Harris County Breaks Ground On $24 Million Animal Shelter

Officials say the new facility will ensure the county’s high live-release rate can be maintained.


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Only five years ago, the county's animal shelter had to euthanize the vast majority of the animals it took in. The live release rate was a meager 15 percent.

That improved to nearly 80 percent last year and more than 90 percent so far this year.

Harris County Judge Ed Emmett said that rate can only be sustained if they have more space.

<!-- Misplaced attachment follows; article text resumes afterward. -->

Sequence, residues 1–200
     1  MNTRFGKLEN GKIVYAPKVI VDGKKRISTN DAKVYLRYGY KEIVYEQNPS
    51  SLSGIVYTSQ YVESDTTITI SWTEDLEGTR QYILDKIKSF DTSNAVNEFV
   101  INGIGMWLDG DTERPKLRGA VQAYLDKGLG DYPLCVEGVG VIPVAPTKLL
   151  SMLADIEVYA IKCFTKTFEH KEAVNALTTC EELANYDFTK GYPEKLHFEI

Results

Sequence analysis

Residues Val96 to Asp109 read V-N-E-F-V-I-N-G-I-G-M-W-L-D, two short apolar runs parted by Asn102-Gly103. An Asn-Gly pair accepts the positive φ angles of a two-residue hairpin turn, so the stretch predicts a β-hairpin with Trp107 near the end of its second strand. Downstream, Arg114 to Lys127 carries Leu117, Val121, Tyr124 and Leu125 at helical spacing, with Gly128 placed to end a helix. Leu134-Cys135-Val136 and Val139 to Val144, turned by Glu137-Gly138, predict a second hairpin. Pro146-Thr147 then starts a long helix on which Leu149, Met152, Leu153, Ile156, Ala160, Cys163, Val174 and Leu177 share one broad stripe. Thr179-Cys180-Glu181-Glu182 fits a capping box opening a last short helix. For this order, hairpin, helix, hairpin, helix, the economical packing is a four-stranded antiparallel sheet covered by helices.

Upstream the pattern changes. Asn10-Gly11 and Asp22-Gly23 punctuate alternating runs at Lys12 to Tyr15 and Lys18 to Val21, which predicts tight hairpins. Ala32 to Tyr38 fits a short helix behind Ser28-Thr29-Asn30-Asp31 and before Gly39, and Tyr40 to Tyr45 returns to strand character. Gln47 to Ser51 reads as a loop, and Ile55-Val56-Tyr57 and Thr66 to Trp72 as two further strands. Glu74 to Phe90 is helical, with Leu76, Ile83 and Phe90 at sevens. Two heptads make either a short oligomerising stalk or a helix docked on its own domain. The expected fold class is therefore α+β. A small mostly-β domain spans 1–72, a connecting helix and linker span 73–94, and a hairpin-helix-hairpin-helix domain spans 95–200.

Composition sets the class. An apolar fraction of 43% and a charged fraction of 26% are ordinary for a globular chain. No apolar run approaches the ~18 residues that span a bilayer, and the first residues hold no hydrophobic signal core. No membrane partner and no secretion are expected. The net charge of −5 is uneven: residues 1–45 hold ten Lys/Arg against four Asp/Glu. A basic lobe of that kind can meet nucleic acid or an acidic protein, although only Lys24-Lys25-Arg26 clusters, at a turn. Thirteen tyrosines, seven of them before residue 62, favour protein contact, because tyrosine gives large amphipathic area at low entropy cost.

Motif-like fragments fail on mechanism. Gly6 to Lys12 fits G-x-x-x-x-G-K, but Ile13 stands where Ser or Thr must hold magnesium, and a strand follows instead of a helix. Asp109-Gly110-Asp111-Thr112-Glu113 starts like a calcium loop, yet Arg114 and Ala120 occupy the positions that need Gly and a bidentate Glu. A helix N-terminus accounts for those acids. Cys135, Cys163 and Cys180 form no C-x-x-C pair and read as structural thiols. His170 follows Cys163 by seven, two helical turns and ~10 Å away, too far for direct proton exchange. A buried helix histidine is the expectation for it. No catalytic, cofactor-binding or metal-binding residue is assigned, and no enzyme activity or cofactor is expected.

"We can't move the pets through fast enough in the facility we have," he said at the groundbreaking ceremony in north Houston. "So that's why if we can get this up and running in the next year, that'll be great."

When the existing shelter was built in 1986, it was designed to hold 12,000 animals a year. In reality, about 18,000 come through each year.

The new facility will double capacity, give dogs and cats more space and have separate entrances for adoptions, admissions and the medical area.

Voters approved the construction in a $24 million bond election in 2015.

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